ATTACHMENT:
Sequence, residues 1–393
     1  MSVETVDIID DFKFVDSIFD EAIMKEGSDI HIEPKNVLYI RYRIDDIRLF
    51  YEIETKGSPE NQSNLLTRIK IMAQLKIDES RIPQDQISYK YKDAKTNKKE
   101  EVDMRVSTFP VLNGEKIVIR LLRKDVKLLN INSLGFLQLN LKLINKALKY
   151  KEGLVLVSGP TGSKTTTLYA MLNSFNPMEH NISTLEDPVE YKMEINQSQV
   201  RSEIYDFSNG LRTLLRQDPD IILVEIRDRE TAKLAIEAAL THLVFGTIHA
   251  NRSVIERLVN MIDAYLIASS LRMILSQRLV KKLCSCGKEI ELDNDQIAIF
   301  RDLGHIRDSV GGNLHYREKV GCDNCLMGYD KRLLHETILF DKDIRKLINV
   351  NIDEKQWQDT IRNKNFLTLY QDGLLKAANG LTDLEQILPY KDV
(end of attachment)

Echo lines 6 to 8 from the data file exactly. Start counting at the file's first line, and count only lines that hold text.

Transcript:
   201  RSEIYDFSNG LRTLLRQDPD IILVEIRDRE TAKLAIEAAL THLVFGTIHA
   251  NRSVIERLVN MIDAYLIASS LRMILSQRLV KKLCSCGKEI ELDNDQIAIF
   301  RDLGHIRDSV GGNLHYREKV GCDNCLMGYD KRLLHETILF DKDIRKLINV